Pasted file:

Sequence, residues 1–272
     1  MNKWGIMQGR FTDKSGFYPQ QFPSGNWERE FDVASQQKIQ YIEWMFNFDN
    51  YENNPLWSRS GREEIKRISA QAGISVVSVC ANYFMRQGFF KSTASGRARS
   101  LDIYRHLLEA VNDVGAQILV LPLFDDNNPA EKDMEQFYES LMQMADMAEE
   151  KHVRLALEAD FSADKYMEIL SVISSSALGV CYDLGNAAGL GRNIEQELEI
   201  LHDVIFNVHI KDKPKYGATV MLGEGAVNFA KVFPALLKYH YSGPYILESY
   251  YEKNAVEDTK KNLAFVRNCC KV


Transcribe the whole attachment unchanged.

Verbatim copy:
Sequence, residues 1–272
     1  MNKWGIMQGR FTDKSGFYPQ QFPSGNWERE FDVASQQKIQ YIEWMFNFDN
    51  YENNPLWSRS GREEIKRISA QAGISVVSVC ANYFMRQGFF KSTASGRARS
   101  LDIYRHLLEA VNDVGAQILV LPLFDDNNPA EKDMEQFYES LMQMADMAEE
   151  KHVRLALEAD FSADKYMEIL SVISSSALGV CYDLGNAAGL GRNIEQELEI
   201  LHDVIFNVHI KDKPKYGATV MLGEGAVNFA KVFPALLKYH YSGPYILESY
   251  YEKNAVEDTK KNLAFVRNCC KV